Replicable Parallel Branch and Bound Search

Branch and bound searches are a common technique for solving global optimisation and decision problems, yet their irregularity, search order dependence, and the need to share bound information globally makes it challenging to implement them in parallel, and to reason about their parallel performance. We identify three key parallel search properties for replicable branch and bound implementations: Sequential Lower Bound, Non-increasing Runtimes, and Repeatability. We define a formal model for parallel branch and bound search problems and show its generality by using it to define three benchmarks: finding a Maximum Clique in a graph, 0/1 Knapsack and Travelling Salesperson (TSP). We present a Generic Branch and Bound search API that conforms to the model. For reusability we encapsulate the search behaviours as a pair of algorithmic based skeletons in a distributed-memory parallel Haskell. Crucially the Ordered skeleton is designed to guarantee the parallel search properties, potentially at a performance cost compared with the Unordered skeleton. We compare the sequential performance of the skeletons with a class leading C++ search implementation. We then use relative speedups to evaluate the skeletons for 40 benchmark instances on a cluster using 200 workers. The Ordered skeleton preserves the Sequential Lower Bound for all benchmark instances while the Unordered skeleton violates the property for 5 TSP instances. The Ordered skeleton preserves Non-increasing Runtimes for all benchmark instances while the Unordered skeleton violates the property for many instances of all three benchmarks. The Ordered skeleton delivers far more repeatable performance than the Unordered skeleton (Repeatability property) with a median relative standard deviation (RSD) of 1.78% vs 5.56%, 1.83% vs 87.56% and 1.96% vs 8.61% for all Maximum Clique, Knapsack and TSP instances respectively.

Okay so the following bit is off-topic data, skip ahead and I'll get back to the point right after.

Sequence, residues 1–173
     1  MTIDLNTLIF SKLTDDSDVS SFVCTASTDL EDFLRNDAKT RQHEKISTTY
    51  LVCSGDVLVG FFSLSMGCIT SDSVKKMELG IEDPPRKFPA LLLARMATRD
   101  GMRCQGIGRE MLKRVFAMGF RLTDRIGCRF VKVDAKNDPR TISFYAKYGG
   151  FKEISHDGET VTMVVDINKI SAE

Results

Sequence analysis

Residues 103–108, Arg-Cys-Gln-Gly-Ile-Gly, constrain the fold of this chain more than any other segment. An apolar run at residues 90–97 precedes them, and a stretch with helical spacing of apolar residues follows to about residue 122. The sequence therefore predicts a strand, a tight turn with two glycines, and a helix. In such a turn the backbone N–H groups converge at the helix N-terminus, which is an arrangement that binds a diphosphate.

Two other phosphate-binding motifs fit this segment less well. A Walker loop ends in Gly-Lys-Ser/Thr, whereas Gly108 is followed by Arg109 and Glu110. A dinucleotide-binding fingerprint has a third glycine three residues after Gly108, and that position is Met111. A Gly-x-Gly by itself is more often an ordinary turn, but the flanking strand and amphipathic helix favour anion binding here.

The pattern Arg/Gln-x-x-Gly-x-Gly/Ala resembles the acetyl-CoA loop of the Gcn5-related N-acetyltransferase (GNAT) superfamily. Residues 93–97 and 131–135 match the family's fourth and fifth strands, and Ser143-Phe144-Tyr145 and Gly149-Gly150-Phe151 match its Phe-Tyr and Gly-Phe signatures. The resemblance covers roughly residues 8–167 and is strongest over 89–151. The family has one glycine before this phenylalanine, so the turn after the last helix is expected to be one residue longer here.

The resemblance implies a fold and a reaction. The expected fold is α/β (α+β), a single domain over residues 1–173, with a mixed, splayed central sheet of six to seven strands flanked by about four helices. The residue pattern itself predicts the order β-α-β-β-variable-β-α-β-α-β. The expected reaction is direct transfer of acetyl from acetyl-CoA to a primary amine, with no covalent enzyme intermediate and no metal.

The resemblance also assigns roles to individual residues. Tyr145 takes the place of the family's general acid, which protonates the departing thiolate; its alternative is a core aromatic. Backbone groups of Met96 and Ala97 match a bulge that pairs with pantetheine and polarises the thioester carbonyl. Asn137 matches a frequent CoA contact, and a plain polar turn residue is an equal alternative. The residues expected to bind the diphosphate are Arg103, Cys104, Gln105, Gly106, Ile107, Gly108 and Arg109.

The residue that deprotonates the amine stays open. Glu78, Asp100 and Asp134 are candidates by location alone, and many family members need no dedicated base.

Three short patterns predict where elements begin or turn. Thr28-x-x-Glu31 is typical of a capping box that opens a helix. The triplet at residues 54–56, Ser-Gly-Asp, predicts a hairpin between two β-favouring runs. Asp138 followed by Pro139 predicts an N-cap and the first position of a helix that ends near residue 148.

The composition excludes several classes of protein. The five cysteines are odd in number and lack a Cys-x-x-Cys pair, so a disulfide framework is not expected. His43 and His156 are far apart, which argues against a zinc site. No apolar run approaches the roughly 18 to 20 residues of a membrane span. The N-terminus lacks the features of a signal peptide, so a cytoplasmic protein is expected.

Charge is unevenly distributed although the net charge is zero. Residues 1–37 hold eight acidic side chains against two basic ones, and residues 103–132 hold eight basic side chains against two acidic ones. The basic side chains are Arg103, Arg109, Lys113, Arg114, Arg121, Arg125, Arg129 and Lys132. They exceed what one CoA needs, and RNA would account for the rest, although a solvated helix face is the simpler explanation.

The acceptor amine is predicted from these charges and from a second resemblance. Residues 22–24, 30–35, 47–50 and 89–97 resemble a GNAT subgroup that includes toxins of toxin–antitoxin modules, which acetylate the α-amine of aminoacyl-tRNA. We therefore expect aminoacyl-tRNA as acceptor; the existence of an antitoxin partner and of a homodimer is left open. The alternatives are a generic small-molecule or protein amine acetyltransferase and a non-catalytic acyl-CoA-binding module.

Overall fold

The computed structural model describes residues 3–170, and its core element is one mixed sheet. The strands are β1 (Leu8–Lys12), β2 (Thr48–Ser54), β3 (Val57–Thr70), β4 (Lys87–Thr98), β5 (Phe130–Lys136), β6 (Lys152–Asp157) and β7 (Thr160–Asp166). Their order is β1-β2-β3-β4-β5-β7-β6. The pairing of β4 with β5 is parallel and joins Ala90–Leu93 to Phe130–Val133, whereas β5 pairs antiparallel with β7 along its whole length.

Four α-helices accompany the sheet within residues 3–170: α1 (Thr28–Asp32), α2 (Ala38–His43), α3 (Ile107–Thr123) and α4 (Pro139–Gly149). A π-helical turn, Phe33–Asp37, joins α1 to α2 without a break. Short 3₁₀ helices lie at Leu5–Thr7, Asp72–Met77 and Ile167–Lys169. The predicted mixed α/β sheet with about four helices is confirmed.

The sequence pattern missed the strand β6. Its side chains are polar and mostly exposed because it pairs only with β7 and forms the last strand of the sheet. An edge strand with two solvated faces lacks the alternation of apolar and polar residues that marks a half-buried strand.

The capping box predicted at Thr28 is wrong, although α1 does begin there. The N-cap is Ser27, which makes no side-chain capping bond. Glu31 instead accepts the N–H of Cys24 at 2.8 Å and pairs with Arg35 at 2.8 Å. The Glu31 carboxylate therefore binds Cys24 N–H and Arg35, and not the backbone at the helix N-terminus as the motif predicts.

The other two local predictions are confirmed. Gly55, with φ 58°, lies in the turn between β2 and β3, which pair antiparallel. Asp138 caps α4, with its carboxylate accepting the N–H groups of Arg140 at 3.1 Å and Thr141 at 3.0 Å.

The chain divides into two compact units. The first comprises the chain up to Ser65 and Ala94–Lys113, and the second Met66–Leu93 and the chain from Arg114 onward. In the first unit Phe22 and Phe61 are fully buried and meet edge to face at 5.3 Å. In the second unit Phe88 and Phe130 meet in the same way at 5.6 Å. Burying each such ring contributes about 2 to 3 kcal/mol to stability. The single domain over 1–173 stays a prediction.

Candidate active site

Comments: 38 pages, 12 figures, submitted to the Journal of Parallel and Distributed Computing

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